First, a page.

UNITED STATES DISTRICT COURT SOUTHERN DISTRICT OF OHIO WESTERN DIVISION AT DAYTON Luz G. Munoz, Plaintiff, v. Case No. 3:17-cv-023 Judge Thomas M. Rose Rushmore Management Loan Services LLC, Defendant. ENTRY AND ORDER GRANTING PARTIAL MOTION TO DISMISS FOR FAILURE TO STATE A CLAIM, (ECF. 6), AND GRANTING PLAINTIFF'S MOTION TO FILE SUR-REPLY (ECF 15). Pending before the Court are Defendant Rushmore Management Loan Services LLC’s Partial Motion to Dismiss Plaintiff Luz G. Munoz’s Complaint for Failure to State a Claim, ECF 13, and Plaintiff's Motion to File Sur-Reply. ECF 15. Plaintiff's Motion to File Sur-Reply, ECF 15, is GRANTED. The Complaint charges Defendant with six claims: defamation, breach of contract, breach of an implied covenant of good faith and fair dealing, and violations of the Fair Debt Collection Practices Act (“FDCPA”), the Real Estate Settlement Procedures Act (“RESPA”) and the Truth in Lending Act (“TILA”). (Doc. 1). Defendant’s motion seeks to dismiss all but the breach of contract and RESPA claims, not so much for failure to state a claim, but as barred by the statute of limitations. I. Background 1 In 2000, Plaintiff Luz G. Munoz executed a fixed rate consumer note in the principal amount of $102,320.50 in favor of National City Bank (“NCB”). Complaint Ex. A, p. 1, ¶ B. To secure repayment of the note, Munoz executed a mortgage, giving NCB a security interest in 3955 Klepinger Road, Dayton, Ohio 45416 (“Property”). Id., ¶¶ A and B. (“Mortgage,” collectively with the Note, the “Loan”) By April 1, 2012, Quantum Mortgage Servicing was servicing the loan and Arch Bay Holdings LLC owned it. Complaint, ¶¶ 7-9 and Ex. A. To resolve an ongoing adversary case in a prior bankruptcy proceeding, Munoz entered into a Settlement Agreement and Release of Claims, with Quantum Mortgage Servicing and Arch Bay Holdings. The agreement constituted a loan and applied to subsequent agents or assignees, including Rushmore and BOC. Id., ¶ 10. The parties agreed that Munoz would execute a Loan Modification Agreement reducing the unpaid principal balance on the Note and extending the maturity date. Complaint ¶ 11 and Ex. A., p. 2, ¶ A. They also agreed that Munoz would continue to pay on a payment plan with Montgomery County to bring the Property’s taxes current. Complaint Ex. A, p. 2, ¶ I. In August 2012, Quantum transferred servicing of the loan to Rushmore. Complaint, ¶ 15. In December 2012, Munoz’s counsel contacted Rushmore about allegedly inaccurate information Rushmore was providing regarding the unpaid principal balance for the loan, inaccurate reporting of late payments made on the loan in 2012 and inaccurate reporting of delinquent escrow balances and corporate advance amounts. Id., ¶ 16. On January 17, 2013, Rushmore responded and included a payment history for the loan, which said that the unpaid principal balance was $66,150, the escrow balance was $0, there were no corporate advances or other amounts owed and Plaintiff’s January 2013 payment had not been received. Id., ¶ 18 and Ex. B. 2 In June 2013, Munoz received a letter from Rushmore that the Loan was in default and that amounts were owed to bring the Loan current. Complaint, ¶¶ 19-20. Munoz’s counsel wrote to Rushmore both before and after receiving the notice of default. Munoz asserted that the escrow account for her loan was incorrect, that she had made all required monthly mortgage payments since execution of the Loan Modification Agreement, that her account should not be listed in bankruptcy as she received a discharge and that the reopened bankruptcy was resolved by execution of the Agreement. Munoz asserted that any issue with the property taxes was because Rushmore improperly paid the taxes, even though the Agreement called for Munoz to pay them in the Agreement and because the monthly payment on the loan may have been increased without accounting for increased escrow requirements without her knowledge. Complaint, ¶ 21. Rushmore responded, requesting proof that Munoz had made all monthly mortgage payments, while allegedly not responding to the request to resolve any discrepancy or shortage in the Loan’s escrow account. Complaint, ¶¶ 22-23. From August 2013 to August 2014, Munoz alleges she continued to make her monthly mortgage payment, believing she was current. Complaint, ¶ 24. In August 2015, Munoz asked Rushmore for a payoff statement for the Loan, at which point Rushmore informed Munoz that the unpaid principal balance was $48,978.18, and that Munoz owed the following: $2,200 for an escrow shortage, $573.03 for late charges, $8,475.24 for corporate advances, $16.50 for property inspection fees, and $573.03 for interest through October 31, 2015. Complaint, ¶ 26 and Ex. C. On October 21, 2015, Munoz sent Rushmore a letter she alleges was a Notice of Error requesting a payoff statement for the loan, and alleging errors on the loan including failure to record payments made in August and September 2015, “[m]isapplication of payments as to principal, interest and escrow”; “[e]xcessive charges continue to be listed with corporate advances 3 identified to the loan account of over $8,475.24”; payments recorded late; imposition of corporate advances that were waived by the Loan Modification Agreement; untimely transfer of information during the transition from Quantum to Rushmore; and failure to send Munoz monthly billing statements. Complaint, ¶ 27 and Ex. D. In November 2015, Rushmore sent correspondence to Munoz stating the loan was delinquent and that Rushmore may pursue foreclosure if the default was not cured by making certain payments. Complaint, ¶¶ 33-34. A letter dated January 14, 2016, informed Munoz that Rushmore was transferring servicing of the Loan to Select Portfolio Servicing. Id. Munoz’s December 4, 2015 letter disputed Munoz’s default and noted the “numerous errors” that were in the October 21 letter. On January 19, 2016, Rushmore responded, saying that it is “in response to your correspondence, dated December 4th, 2015[.]” Complaint Ex. E. The January 19, 2016, Rushmore letter explained it investigated the issues and did not identify any errors. Complaint Ex. E. Rushmore claimed that it: did receive an attempted payment for this loan on August 31, 2015 (check #126 in the amount of $906.61). This payment was returned on the same date, due to an incorrect payee. Rushmore could not have applied the payment to Luz Munoz’s account due to the payee issue. No other payments were received for this loan during August or September 2015. Id. Rushmore’s explanation was that the principal and interest payment for the loan was $717.90, that Munoz’s payments were not misapplied and that late fees are assessed if the payment is received after the expiration of any grace period in the note. Id. Rushmore claimed that Munoz had received monthly billing statements without interruption since Rushmore started servicing the loan. Id. Rushmore claimed that the Loan Modification Agreement did not require Rushmore to 4 waive corporate advance fees and Rushmore found no documentation stating the corporate advance fees were waived. Id. Finally, Rushmore provided an updated payoff statement. Id. On January 29, 2016, Munoz attempted to clarify issues with missing payments in August and September 2015, and attempted to issue “Replacement Payments.” Complaint, ¶¶39- 40. “On Plaintiff’s best knowledge and belief Plaintiff made the August and September 2015 payments and Rushmore [either] never cashed or returned the checks for those payments.” Id. at ¶ 40. “Rushmore has failed to credit the Loan . . . or provide [Select Portfolio Servicing] with the Replacement Payments.” Due to Rushmore’s alleged failure to apply payments, Munoz had to make additional payments to Select Portfolio Servicing and incur attorney fees. Complaint, ¶ 43. Munoz asserts several claims for relief. First, she alleges that Rushmore defamed her by “its knowing publication to third-parties of erroneous information” that Munoz was in default and “public humiliation of Plaintiff.” Complaint, ¶ 64. Munoz alleges that “[t]he untrue representations of . . . Rushmore had the effect of publishing to the credit bureaus, financial institutions and the community at large that Plaintiff had not made payments she was required to make, when in fact Plaintiff had made such payments.” Id., at ¶ 71. Next, Munoz alleges that Rushmore failed to correctly and timely apply payments in breach of the note, mortgage, agreement, and Loan Modification Agreement. Complaint, ¶¶ 73-77. Munoz alleges that due to the alleged breach of the Note, Mortgage, Agreement, and Loan Modification Agreement, Rushmore is liable for breach of the implied covenant of good faith and fair dealing. Id, ¶¶ 83-92. Then Munoz alleges that Rushmore violated the FDCPA by misrepresenting that the loan was in default, claiming she owed corporate advances and other expenses, reporting her loan as in 5 default to credit reporting agencies, and refusing to correct errors identified by her. Complaint, ¶¶ 93-96. Munoz alleges that Rushmore violated RESPA by failing to provide her with an accurate payoff statement, timely credit payments, correct errors in response to the October 21 letter, and respond timely to the October 21 letter. Complaint, ¶¶ 97-102. Munoz alleges that Rushmore violated TILA by failing to provide an accurate payoff statement since receiving her request in September 2015, and failing to timely and accurately apply payments since April 2013. Complaint, ¶¶ 104-107. Finally, Munoz alleges that Rushmore “lost” the monthly payments Munoz sent in August 2015 and placed monthly payments in suspense and applied portions of payments to inaccurate escrow shortages. Complaint, ¶ 107. II. Standard of Review To survive a Rule 12(b)(6) motion to dismiss, the plaintiff must plead enough facts “to state a claim to relief that is plausible on its face.” Ashcroft v. Iqbal, 556 U.S. 662, 697, 129 S. Ct. 1937, 173 L. Ed. 2d 868 (2009), quoting Bell Atl. Corp. v. Twombly, 550 U.S. 544, 547, 127 S. Ct. 1955, 167 L. Ed. 2d 929 (2007). A claim is facially plausible when it includes “factual content that allows the court to draw the reasonable inference that the defendant is liable for the misconduct alleged.” Gilliam v. Crowe, No. 3:16-cv-147, 2016 U.S. Dist. LEXIS 100235, * 5 (S.D. Ohio, Aug. 1, 2016) (internal quotations omitted) (quoting Iqbal, 556 U.S. at 678). This standard is not the same as a probability standard, but “asks for more than a sheer possibility that a defendant has acted unlawfully.” Id. (internal quotations omitted). “Although this pleading standard does not require detailed factual allegations, it demands more than an unadorned, the-defendant-unlawfully-harmed-me accusation.” Gilliam, 2016 U.S. Dist. LEXIS 100235, * 4-5 (S.D. Ohio, Aug. 1, 2016) (internal quotations omitted) (quoting Iqbal, 6 556 U.S. at 678). When ruling on a motion to dismiss, the Court must accept the factual allegations of the complaint as true and construe them in a light most favorable to the nonmoving party. Id. (citing Twombly, 550 U.S. at 554-55). “The Court need not accept as true, however, a legal conclusion couched as factual allegations.” Id. (internal quotations omitted) (quoting Twombly, 550 U.S. at 555). In ruling on a motion to dismiss, courts consider: (1) any documents attached to, incorporated by, or referred to in the pleadings; (2) documents attached to the motion to dismiss that are referred to in the complaint and are central to the plaintiff’s allegations, even if not explicitly incorporated by reference; (3) public records; and (4) matters of which the court may take judicial notice. Whittiker v. Deutsche Bank Nat’l Trust Co., 605 F. Supp. 2d 914, 924-25 (N.D. Ohio 2009); Greenberg v. Life Ins. Co., 177 F.3d 507, 514 (6th Cir. 1999); see also Fed. R. Civ. P. 10(c). III. Analysis Plaintiff concedes that her defamation claim is barred by the statute of limitations. ECF 11, PageID 77. She also concedes that her claims for breach of implied covenant of good faith and fair dealing are barred as well. Id. This leaves Munoz’s FDCPA and TILA claims, since Defendant does not contest Munoz’s breach of contract and RESPA claims. A. FDCPA Claims Defendant also seeks to bar Plaintiff’s FDCPA claim by means of the statute of limitations. Munoz alleges that Rushmore violated the FDCPA by declaring the loan to be delinquent and attempting to collect corporate advances. Actions under the FDCPA are subject to a one-year statute of limitations, which runs “‘from the date on which the violation occurs.’” Smith v. Lerner, Sampson & Rothfuss, L.P.A., 658 Fed. App’x 268, 273 (quoting 15 U.S.C. § 1692k(d)). Statutes 7 of limitations can be tolled as a result of a “continuing violation,” but courts do not apply the continuing violation doctrine to FDCPA claims. Slorp v. Lerner, Sampson & Rothfuss, 587 Fed. Appx. 249, 258-59 (6th Cir. 2014). Here, Munoz alleges Rushmore told her that she owed corporate advances in August 2015. Complaint, ¶ 26 and Ex. C. Munoz also alleges that Rushmore told her she was in default in June 2013 and November 2015. Complaint, ¶¶ 19-20, 33-34. Claims based on these actions are certainly time-barred. Plaintiff contends, however, that an FDCPA violation can be based upon: Rushmore’s allegedly inadequate response to Plaintiff’s Notice of Error which was allegedly not issued until Rushmore’s response letter dated January 19, 2016, ¶30; Rushmore’s January 19, 2016 Notice of Error response to Plaintiff (Exhibit E of Complaint) that allegedly did not correct errors identified by Plaintiff, ¶36; and Rushmore’s January 19, 2016 Notice of Intent to Foreclose asserts delinquent payments of $3,489.69. (Exhibit A). This last letter was received by Plaintiff sometime in February 2016. The notice is dated 5 days after the Rushmore notice of transfer of the servicing of the loan account to Select Portfolio Servicing which was to be effective as of January 29, 2016. ¶ 37. On January 29, 2016, Rushmore transferred the servicing of the loan to Select Portfolio Servicing allegedly without transferring to Select Portfolio Servicing payments Plaintiff made to Rushmore. On February 4, 2016, Select Portfolio Servicing informed Plaintiff that it considered Plaintiff’s loan to be in default and delinquent. (Exhibits B and C) Select Portfolio Servicing’s Notice of Debt Owed contains the same accounting of delinquent debt and alleged corporate advances as Rushmore asserted in its notice of error response received by Plaintiff on February 2, 2016. ¶ 38. 8 Munoz contends that Rushmore’s January 19, 2016 response was inadequate and not received by Plaintiff until February 2, 2016. ¶31. Munoz also contends that Rushmore’s actions resulted in Plaintiff having to incur additional cost to resolve the erroneous loan information provided to Select Portfolio Servicing by Rushmore as late as February 2016. ¶43-44. Finally, Munoz contends Rushmore failed to make corrections to the Loan and reported the Loan as delinquent and in default until sometime in mid-year 2016. ¶ 58 and Complaint Exhibit E. Plaintiff alleges discrete violations by Rushmore. The Sixth Circuit has recognized that for FDCPA purposes, a separate dunning letter may constitute a separate violation of the FDCPA. Michalak v. LVNV Funding LLC, 2015 WL 2214792, at *1 (6th Cir. May 12, 2015) See also Head v Ocwen Loan Servicing LLC, 14 CV 1363, (D. Kan. July 14, 2015); Purnell v. Arrow Fin. Servs., LLC, 303 F. App'x 297, 301-02 (6th Cir. 2008); accord Solomon v. HSBC Mortg. Corp., 395 F. App'x 494, 497 n.3 (10th Cir. 2010). Rushmore’s January 19 letter, however, only moves the closure of the statute of limitations from Defendants’ proposed November 2016 to January 19, 2017, a year from the date of mailing. Plaintiff would have the Court measure by date of receipt. However, Courts apply a “bright-line-rule approach in determining when the statute of limitations accrues for harassing collection letters. Instead of running from the date of receipt, the statute runs from the mailing date, as it is ‘fixed by objective and visible standards’ and ‘easy to determine.’” Tyler v. DH Capital Mgmt., Inc., 736 F.3d 455, 464 (6th Cir. 2013) (quoting Mattson v. U.S. West Commc'ns, 967 F.2d 259, 261 (8th Cir. 1992)). Measuring from the mailing date, Plaintiff’s FDCPA claim is barred, unless the Court should opt to toll the statute of limitations. The Court will consider tolling for the FDCPA and TILA statutes after it considers expiration of the TILA statute of limitations. 9 B. TILA Claims With regard the TILA violations, Plaintiff alleges that Rushmore’s January 19, 2016 response to Plaintiff’s Notice of Error (Exhibit E of Complaint) did not correct errors identified by Plaintiff. ¶36. Rushmore’s January 19, 2016 response was not received by Plaintiff until February 2, 2016. ¶31. Rushmore allegedly violated TILA by failing to issue an accurate payoff statement in response to Munoz’s September 2015 request and failing to timely apply Munoz’s payments. Complaint, ¶¶ 105-107. The obligation of a servicer to promptly credit home loan payments is set forth in 15 U.S.C. § 1639f, and the obligation to provide an accurate payoff balance is set forth in 15 U.S.C. § 1639g. Unless it arises under sections 1639, 1639b, or 1639c, any action under TILA must be brought within one year from the date of the violation. 15 U.S.C. § 1640(e). Munoz alleges she requested a payoff statement from Rushmore in September 2015 and received one in October 2015. Complaint, ¶¶ 25-26. To the extent Munoz had a TILA claim based on that payoff statement, it expired in October 2016. 15 U.S.C. § 1640(e). Likewise, the only payments Munoz alleges were not correctly applied were those allegedly made in August and September 2015. Complaint, ¶ 27 and Ex. D. As a result, any claim for failure to timely credit those payments expired, at the latest, in September 2016. However, Munoz also asserts a violation of TILA regulations that apply to servicers who fail to respond or inadequately respond to a notice of error. Munoz alleges that Rushmore failed to account for her payments to Rushmore on January 29, 2016 and that Rushmore continued to treat the loan as in default when it transferred the loan to Select Portfolio Servicing. The statute of limitations does not begin to run until a plaintiff either discovers or had a reasonable opportunity to discover a TILA violation. Jones v. TransOhio Sav. Ass’n, 747 F.2d 1037, 1039 (6th Cir. 1984). 10 See also Ramadan v. Chase Manhattan Corp., 156 F.2d 499, 501 (3rd Cir. 1998); Barrett v. Fifth Third Bank, 15 CV 00698 (W.D. Ky, Feb. 11, 2016) at Page 4. Thus, Munoz would have the Court compute this time from the date she received the January 19, 2016 letter, which was about February 2, 2016. The complaint was filed January 26, 2017. Again, the Sixth Circuit would have “the statute run[] from the mailing date, as it is ‘fixed by objective and visible standards’ and ‘easy to determine.’” Tyler v. DH Capital Mgmt., Inc., 736 F.3d 455, 464 (6th Cir. 2013) (quoting Mattson v. U.S. West Commc'ns, 967 F.2d 259, 261 (8th Cir. 1992)). Measuring from the mailing date, Plaintiff’s TILA claim is also barred, unless the Court should opt to toll the statute of limitations. C. Tolling Plaintiff claims that the statute of limitations should have been equitably tolled until she received a copy of the letter. Plaintiff urges that the statute should be tolled because “Rushmore has never taken any action to correct the errors it made in servicing her loan.” According to Plaintiff, equitable tolling of the statute should apply to the errors and mistakes caused by Rushmore’s mis-handling of her August and September 2015 loan payments and Rushmore’s erroneous October 8, 2015 payoff statement, TILA's statute of limitations can be equitably tolled “‘until the borrower discovers or had [a] reasonable opportunity to discover the fraud or nondisclosures that form the basis of the TILA action.’” Vien-Phuong Thi Ho v. Recontrust Co., 669 F. App'x 857, 858 (9th Cir. 2016) (quoting King v. California, 784 F.2d 910, 914–15 (9th Cir. 1986)). The Court sees no reason to treat the FDCPA differently. Five factors must be evaluated to determine if equitable tolling is appropriate: “‘(1) lack of actual notice of filing requirement; (2) lack of constructive knowledge of filing requirement; (3) diligence in pursuing one’s rights; (4) absence of prejudice to the defendant; and (5) a plaintiff's 11 reasonableness in remaining ignorant of the [particular] requirement.’” Lester v. Wow Car Co., 675 Fed. App’x 588, 590 (6th Cir. 2017) (citing Graham-Humphreys v. Memphis Brooks Museum of Art, Inc., 209 F.3d 552, 560 (6th Cir. 2000)). Equitable tolling of the statute of limitations may be appropriate for TILA claims involving fraudulent concealment. For equitable tolling to apply, a plaintiff must show ‘not only that he exercised due diligence to discover his cause of action prior to the running of the statute, but also that the Defendant was guilty of some affirmative act of fraudulent concealment which frustrated discovery notwithstanding such diligence. Ogle v. BAC Home Loans Servicing LP, 2012 WL 12925834, *8 (S.D. Ohio 2013)(internal citations omitted) (citing Jones v. TransOhio Savings Ass’n, 747 F.2d 1037, 1043 (6th Cir. 1984) and quoting Hughes v. Cardinal Fed. Savings and Loan Ass’n, 566 F. Supp. 834, 838 (S.D. Ohio 1983)). Plaintiff would have the court consider application of a 30-day extension period or stay that applies to civil suits as set forth in 11 U.S.C. § 108(c)(2) to be read in conjunction with the stay provisions of 11 U.S.C. § 362(c)(2)(A). However, 11 U.S.C. § 108(a) is a tolling provision applicable to claims where the statute of limitations has “not expired before the date of the filing of the petition[.]” Here, Munoz’s bankruptcy petition was filed on May 9, 2005, and she received a discharge on August 27, 2010. Each of the claims of the Complaint is premised on, or post-dates, the Settlement Agreement between Munoz and Rushmore, which was not executed until 2012. Complaint Ex. A, PAGE ID 23-27. By its own terms, 11 U.S.C. § 108(a) applies to unexpired claims as of the petition date, not claims that arose post-discharge. Thus, 11 U.S.C. § 108(a) does not apply to toll Munoz’s TILA claim. The Court concludes that the TILA and FDCPA claims are barred by the statute of limitations and will be dismissed. 12 IV. Conclusion Munoz’s FDCPA, and TILA claims are barred by the applicable statutes of limitations. Additionally, because Munoz cannot maintain a claim for breach of the implied covenant of good faith and fair dealing independent of her breach of contract claim, they will be dismissed as well. The defamation, good faith and fair dealing, FDCPA, and TILA claims are dismissed (Counts I, III, IV and VI). Only the breach of contract and RESPA claims (Counts II and V) will be permitted to proceed. DONE and ORDERED in Dayton, Ohio, this Tuesday, November 21, 2017. s/Thomas M. Rose ________________________________ THOMAS M. ROSE UNITED STATES DISTRICT JUDGE 13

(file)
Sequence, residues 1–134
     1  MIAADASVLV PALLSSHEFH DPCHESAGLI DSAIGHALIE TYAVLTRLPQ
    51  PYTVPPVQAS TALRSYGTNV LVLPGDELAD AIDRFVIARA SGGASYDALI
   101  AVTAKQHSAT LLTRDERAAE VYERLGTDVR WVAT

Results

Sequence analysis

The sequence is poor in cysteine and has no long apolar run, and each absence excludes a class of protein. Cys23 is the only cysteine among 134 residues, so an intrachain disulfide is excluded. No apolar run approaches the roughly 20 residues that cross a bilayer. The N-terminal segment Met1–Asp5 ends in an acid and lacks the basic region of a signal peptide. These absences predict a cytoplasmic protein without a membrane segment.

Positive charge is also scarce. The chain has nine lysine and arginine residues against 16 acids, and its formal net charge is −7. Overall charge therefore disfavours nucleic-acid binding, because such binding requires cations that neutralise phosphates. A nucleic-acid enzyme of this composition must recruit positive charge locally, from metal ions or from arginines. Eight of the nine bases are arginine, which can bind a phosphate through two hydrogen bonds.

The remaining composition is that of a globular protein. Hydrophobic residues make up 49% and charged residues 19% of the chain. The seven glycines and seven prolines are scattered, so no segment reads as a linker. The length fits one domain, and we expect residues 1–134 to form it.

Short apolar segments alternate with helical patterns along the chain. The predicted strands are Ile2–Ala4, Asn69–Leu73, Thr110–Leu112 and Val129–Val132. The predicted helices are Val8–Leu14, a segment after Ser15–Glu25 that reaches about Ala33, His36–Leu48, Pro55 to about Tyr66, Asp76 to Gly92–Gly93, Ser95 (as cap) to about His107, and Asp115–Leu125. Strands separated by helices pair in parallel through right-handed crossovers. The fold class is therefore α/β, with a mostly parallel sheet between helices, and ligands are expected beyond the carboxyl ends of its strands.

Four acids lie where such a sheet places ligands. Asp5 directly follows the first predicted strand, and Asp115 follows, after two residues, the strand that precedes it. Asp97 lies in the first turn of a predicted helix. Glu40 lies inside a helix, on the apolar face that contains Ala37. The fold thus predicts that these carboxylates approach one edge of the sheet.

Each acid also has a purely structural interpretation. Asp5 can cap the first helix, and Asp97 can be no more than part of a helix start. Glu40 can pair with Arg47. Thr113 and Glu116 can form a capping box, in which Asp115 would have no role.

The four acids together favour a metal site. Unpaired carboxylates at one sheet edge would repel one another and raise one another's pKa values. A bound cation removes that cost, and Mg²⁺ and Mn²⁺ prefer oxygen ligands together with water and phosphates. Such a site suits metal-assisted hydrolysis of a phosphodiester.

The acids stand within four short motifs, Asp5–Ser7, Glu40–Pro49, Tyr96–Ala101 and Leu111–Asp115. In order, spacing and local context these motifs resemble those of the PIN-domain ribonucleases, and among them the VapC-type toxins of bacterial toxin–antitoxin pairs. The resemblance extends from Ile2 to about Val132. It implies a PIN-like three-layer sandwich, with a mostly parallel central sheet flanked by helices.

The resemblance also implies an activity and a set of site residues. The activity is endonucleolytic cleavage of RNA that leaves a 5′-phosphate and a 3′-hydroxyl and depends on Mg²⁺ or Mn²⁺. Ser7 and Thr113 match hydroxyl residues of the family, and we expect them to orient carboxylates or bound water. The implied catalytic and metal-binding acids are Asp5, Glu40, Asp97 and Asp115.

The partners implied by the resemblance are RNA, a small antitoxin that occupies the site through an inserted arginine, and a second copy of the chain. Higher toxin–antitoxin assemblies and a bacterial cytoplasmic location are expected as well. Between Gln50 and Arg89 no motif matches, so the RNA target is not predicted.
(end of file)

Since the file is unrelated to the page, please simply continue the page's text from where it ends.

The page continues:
Disclaimer: Justia Dockets & Filings provides public litigation records from the federal appellate and district courts. These filings and docket sheets should not be considered findings of fact or liability, nor do they necessarily reflect the view of Justia.

Why Is My Information Online?